Undergraduate Module Descriptor

POC3085: Theories of the Good Life: From the Agora to the American Dream

This module descriptor refers to the 2016/7 academic year.

Please note that this module is only delivered on the Penryn Campus.

Module Aims

In this module you will learn to think critically about one of the key political conundrums which has exercised theorists over two millennia and more. You will learn about key theorists contextualised by the political setting in which they were writing. You will be able to critically analyse and apply their concepts to contemporary political issues. In this module you will be encouraged to develop critical analysis to understand and interpret key political theories on the Good Life, and develop skills at applying these theories to contemporary real world issues, assessing their relevance

Intended Learning Outcomes (ILOs)

This module's assessment will evaluate your achievement of the ILOs listed here – you will see reference to these ILO numbers in the details of the assessment for this module.

On successfully completing the programme you will be able to:
Module-Specific Skills1. Demonstrate a strong and substantive knowledge of the theories considered, their significance and the major critical positions adopted towards them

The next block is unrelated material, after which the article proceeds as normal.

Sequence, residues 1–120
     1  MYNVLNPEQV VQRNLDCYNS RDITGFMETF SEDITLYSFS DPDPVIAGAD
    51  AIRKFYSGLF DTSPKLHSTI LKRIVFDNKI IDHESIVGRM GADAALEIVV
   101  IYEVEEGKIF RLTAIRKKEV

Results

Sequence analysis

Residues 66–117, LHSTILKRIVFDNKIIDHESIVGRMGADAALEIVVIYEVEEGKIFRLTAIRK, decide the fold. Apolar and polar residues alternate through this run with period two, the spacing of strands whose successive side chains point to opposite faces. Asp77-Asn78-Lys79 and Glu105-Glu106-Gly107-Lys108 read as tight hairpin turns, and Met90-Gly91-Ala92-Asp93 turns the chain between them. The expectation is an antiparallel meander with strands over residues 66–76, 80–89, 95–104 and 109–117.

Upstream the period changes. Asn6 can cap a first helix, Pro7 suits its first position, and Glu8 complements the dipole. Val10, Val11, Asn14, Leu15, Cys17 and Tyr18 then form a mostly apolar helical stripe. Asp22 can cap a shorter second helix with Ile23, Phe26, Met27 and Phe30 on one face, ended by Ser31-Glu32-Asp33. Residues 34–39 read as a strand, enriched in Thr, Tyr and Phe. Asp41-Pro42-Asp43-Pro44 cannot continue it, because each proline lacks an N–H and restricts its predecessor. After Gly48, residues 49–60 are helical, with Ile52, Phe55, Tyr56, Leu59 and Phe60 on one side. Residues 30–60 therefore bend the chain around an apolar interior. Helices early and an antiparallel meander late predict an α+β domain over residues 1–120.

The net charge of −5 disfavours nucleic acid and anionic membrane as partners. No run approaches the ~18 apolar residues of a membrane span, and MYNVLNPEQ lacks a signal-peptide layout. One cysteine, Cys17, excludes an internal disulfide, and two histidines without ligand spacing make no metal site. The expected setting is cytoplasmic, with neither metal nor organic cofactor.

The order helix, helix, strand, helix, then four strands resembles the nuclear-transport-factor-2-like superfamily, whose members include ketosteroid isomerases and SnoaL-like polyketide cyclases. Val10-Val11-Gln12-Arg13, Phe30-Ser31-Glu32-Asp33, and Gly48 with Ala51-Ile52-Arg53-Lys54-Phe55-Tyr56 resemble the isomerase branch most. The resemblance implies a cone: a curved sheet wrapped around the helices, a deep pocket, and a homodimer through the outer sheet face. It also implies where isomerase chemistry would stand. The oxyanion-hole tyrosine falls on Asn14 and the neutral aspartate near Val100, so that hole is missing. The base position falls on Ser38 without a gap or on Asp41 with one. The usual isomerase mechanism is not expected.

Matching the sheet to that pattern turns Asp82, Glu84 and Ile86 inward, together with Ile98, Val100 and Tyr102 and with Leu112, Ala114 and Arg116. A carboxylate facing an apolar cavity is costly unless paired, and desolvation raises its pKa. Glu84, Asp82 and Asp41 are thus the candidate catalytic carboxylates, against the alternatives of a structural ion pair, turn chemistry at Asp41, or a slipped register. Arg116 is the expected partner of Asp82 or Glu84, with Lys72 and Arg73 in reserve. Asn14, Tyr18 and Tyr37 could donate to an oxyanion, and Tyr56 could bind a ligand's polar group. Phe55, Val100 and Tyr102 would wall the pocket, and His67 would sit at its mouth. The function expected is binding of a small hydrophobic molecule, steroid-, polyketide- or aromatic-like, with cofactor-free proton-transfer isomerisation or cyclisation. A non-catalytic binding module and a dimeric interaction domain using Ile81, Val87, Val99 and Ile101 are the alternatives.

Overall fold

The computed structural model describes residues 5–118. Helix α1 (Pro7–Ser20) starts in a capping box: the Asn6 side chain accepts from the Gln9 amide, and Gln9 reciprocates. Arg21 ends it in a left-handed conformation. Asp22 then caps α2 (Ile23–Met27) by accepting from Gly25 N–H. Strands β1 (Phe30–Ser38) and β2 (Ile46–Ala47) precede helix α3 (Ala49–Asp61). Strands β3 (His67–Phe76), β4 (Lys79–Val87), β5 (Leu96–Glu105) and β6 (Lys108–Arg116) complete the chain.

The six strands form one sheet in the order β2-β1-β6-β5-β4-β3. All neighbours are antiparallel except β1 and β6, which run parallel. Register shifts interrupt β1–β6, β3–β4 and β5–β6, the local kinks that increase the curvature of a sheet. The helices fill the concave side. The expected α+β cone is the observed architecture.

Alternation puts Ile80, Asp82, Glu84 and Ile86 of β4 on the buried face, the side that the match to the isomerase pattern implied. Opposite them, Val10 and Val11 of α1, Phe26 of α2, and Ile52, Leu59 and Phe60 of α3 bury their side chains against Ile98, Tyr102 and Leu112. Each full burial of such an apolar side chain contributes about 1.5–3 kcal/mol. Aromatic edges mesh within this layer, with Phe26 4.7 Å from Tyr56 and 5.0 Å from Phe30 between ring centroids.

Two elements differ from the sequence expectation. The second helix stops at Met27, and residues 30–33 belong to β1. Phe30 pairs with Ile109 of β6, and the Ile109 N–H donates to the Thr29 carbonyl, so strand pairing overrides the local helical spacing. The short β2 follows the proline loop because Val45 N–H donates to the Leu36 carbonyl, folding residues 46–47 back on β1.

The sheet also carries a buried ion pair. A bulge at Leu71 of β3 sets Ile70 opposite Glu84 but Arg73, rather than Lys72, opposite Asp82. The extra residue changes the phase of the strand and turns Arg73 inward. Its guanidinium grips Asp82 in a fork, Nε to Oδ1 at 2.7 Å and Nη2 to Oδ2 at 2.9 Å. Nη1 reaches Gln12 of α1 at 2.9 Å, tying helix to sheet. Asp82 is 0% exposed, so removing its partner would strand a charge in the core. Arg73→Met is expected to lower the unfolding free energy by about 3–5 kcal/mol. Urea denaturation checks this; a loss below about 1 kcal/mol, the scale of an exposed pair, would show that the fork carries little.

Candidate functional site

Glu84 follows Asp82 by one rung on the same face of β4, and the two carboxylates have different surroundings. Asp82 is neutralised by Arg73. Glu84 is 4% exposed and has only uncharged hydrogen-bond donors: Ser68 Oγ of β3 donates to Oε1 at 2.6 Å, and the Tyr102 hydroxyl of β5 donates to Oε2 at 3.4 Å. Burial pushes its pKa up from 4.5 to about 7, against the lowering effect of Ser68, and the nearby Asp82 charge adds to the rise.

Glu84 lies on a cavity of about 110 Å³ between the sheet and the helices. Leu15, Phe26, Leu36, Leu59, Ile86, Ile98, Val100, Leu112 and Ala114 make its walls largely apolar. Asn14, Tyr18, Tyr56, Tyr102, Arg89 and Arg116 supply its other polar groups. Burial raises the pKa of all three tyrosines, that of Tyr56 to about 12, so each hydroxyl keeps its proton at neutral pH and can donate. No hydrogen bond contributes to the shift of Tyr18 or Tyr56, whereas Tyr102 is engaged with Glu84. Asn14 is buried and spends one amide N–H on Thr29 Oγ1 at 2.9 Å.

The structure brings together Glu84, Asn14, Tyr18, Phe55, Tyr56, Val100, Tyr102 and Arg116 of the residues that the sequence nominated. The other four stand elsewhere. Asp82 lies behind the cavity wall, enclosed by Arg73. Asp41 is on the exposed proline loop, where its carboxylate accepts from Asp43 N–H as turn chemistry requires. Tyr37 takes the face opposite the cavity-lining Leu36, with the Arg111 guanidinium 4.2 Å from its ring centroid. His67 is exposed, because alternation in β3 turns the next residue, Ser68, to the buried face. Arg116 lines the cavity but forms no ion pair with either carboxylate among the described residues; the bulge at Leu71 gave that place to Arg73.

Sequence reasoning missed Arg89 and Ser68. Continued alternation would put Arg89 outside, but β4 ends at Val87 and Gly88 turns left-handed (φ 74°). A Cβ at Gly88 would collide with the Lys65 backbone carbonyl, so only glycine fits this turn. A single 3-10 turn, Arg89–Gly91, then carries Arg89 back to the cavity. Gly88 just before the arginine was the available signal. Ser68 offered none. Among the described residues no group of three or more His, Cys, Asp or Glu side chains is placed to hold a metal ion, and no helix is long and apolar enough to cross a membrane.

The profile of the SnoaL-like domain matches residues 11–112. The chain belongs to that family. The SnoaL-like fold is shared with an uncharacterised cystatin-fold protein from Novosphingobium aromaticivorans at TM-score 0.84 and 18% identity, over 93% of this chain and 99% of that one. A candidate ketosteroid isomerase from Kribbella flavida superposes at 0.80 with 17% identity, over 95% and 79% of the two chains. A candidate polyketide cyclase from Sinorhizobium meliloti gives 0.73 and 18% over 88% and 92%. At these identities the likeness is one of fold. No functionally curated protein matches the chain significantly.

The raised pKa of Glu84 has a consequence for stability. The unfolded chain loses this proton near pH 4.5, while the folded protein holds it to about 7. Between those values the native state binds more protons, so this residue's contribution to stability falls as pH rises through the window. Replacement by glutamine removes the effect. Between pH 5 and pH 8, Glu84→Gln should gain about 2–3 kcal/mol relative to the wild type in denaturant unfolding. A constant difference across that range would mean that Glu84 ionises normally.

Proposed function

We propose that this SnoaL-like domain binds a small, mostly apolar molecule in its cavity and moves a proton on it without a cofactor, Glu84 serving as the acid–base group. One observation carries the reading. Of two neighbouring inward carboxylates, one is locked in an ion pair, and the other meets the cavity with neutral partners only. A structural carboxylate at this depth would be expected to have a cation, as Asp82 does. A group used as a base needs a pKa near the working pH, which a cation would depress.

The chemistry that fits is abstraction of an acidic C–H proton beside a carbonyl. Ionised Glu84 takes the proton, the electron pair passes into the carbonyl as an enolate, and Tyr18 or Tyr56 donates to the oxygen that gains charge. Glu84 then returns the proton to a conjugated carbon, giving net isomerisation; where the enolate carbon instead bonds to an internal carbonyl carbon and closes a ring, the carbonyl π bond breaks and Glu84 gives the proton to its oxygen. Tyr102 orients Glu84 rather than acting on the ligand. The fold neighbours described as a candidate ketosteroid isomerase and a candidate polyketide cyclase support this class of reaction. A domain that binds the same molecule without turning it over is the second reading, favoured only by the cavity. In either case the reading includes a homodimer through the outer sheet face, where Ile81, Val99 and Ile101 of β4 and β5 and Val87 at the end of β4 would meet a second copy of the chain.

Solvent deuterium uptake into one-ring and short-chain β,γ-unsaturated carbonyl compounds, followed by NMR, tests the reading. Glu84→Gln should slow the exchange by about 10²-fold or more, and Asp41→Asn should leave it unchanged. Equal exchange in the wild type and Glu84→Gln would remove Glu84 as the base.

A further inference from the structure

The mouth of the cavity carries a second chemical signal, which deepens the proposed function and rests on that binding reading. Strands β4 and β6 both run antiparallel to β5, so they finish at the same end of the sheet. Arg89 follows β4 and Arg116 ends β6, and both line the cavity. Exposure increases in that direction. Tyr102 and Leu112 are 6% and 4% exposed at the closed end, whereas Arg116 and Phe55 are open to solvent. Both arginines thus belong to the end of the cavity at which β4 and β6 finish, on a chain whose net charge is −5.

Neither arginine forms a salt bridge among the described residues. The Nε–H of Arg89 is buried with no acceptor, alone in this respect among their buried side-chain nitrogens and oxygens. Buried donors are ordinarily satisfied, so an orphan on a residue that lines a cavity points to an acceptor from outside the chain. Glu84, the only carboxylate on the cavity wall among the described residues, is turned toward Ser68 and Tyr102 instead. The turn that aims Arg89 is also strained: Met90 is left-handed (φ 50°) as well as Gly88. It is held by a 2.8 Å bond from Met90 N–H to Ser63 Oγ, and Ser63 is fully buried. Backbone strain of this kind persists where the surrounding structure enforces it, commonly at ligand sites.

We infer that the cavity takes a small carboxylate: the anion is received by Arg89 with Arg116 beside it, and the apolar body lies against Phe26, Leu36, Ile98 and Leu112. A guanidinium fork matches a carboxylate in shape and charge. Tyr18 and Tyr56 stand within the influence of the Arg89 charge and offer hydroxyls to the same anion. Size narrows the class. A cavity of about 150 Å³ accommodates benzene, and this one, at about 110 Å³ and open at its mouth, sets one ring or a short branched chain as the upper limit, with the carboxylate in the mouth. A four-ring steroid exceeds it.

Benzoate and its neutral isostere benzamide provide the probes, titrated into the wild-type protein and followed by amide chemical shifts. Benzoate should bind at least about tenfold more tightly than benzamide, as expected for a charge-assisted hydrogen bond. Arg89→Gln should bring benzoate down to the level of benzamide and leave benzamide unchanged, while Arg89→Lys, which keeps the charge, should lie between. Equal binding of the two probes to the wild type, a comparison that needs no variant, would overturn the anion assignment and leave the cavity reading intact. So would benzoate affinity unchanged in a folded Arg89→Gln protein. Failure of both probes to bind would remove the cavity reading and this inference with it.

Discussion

2. Demonstrate a critical understanding of the theories and the ability to apply these theories to contemporary debates
3. Analyse complex concepts at a theoretical and applied level
Discipline-Specific Skills4. Identify, discuss and critically evaluate the major concepts deployed of theories covered and their argumentative articulation;
5. Critically engage in both reasoned interpretation and reasoned criticism of such theories
Personal and Key Skills6. Critically evaluate different interpretations of The Good Life in relation to current issues
7. Demonstrate clear, effective and efficient communication skills orally and written
8. Formulate well-articulated conclusions on theories of the Good Life based on a broad range of sources
9. Demonstrate a capacity for independent study and research.